Saturday, June 22, 2013
Africa is in the middle of an incredible energy boom that is likely to
last decades, according to energy industry executives who gathered this
week in Kenya's capital in a sign of the region's growing prominence.
last couple of years have seen significant oil and gas discoveries in
Kenya, Uganda, Tanzania and Mozambique. Even Somalia hopes to get
onboard though security woes and a lack of regulation make the
likelihood still years away.
"This region was definitely
underexplored in the last decade," said Martin Trachsel, the chief
executive of South Atlantic Petroleum Limited. "Most companies were
exploring in West Africa. It's part of a general trend of people looking
for more oil."
New technology also has contributed to the string of new discoveries, he said.
"The industry is innovative. It always finds new plays and new ways of finding oil and gas," Trachsel said.
president announced last year that oil had been discovered there for
the first time. Tullow Oil, which is carrying the exploration in the
region, has reported progress in bringing the oil to market, though no
date for that has been announced.
Uganda, which has confirmed oil
deposits of about 3.5 billion barrels, wants to extract at least 1.2
billion barrels over the next three decades. That figure could rise when
more oil blocks are put up for exploration later this year, potentially
making Uganda one of Africa's top oil producers.
"It won't be
boom and bust. We're talking about fairly large reserves," Trachsel
said. "It will have a 40-year lifetime or more."
Allegations of corruption in the oil procurement progress already have dogged the situation in Uganda, though.
independent lawmaker fingered three government ministers he believed
had been bribed by foreign oil companies seeking contracts with Uganda's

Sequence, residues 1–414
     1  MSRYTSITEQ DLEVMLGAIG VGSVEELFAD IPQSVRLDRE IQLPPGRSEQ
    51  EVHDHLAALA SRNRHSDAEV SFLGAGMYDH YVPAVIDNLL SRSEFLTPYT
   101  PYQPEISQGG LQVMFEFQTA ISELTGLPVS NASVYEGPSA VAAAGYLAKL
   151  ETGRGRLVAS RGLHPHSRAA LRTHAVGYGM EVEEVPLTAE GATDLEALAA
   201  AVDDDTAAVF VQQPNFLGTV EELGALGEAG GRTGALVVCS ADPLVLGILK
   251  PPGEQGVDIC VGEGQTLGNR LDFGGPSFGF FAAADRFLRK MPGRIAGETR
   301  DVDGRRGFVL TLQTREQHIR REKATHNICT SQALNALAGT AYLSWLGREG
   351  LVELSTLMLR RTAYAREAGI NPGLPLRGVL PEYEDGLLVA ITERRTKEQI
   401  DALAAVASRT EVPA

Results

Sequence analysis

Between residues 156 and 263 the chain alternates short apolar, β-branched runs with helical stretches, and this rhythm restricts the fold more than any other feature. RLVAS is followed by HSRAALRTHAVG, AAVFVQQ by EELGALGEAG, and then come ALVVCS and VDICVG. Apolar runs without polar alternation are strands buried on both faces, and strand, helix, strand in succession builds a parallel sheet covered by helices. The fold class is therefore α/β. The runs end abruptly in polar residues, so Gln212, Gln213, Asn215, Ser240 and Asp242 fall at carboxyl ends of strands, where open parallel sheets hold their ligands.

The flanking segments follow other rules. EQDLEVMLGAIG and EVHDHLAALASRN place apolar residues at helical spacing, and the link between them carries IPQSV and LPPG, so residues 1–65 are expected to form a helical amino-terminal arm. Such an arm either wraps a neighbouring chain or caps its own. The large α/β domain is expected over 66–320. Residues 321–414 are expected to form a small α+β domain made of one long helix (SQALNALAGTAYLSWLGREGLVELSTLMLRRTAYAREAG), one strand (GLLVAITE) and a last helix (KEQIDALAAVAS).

government. The charges, denied by the three officials, forced
lawmakers across the political spectrum to order an investigation. That
investigation is still ongoing two years later.
Trachsel said that
oil companies can influence whether the oil industries' activates in a
given country become corrupt, but he said "ultimately it's the
Another East Africa region that could also
hold energy reserves is Somalia. But Somalia brings with it problems
like piracy, clanism, corruption, and a lack of a central bank, said
Alec Robinson, president and chief executive of London-based Temo
Perhaps the biggest obstacle: "There is no legal
framework for oil exploration," he said. "A law is planned but it needs
work, and the support of regional states. There's a lot to do in
Somalia. Don't expect this to happen soon."
Petroleum is currently working in Benin and Nigeria in Africa's west,
and in Madagascar and French overseas territories in the east. Trachsel
said his company will continue to develop its business in Nigeria and in
other regions of sub-Saharan Africa, areas he called high risk but
potentially high reward.
"Bringing Africa and some of these
countries out of poverty is positive for all parts of the world. Poverty
causes instability and that can lead to conflict. I think the U.S.
would be very glad to see the average income of the population increase
in Africa," he said.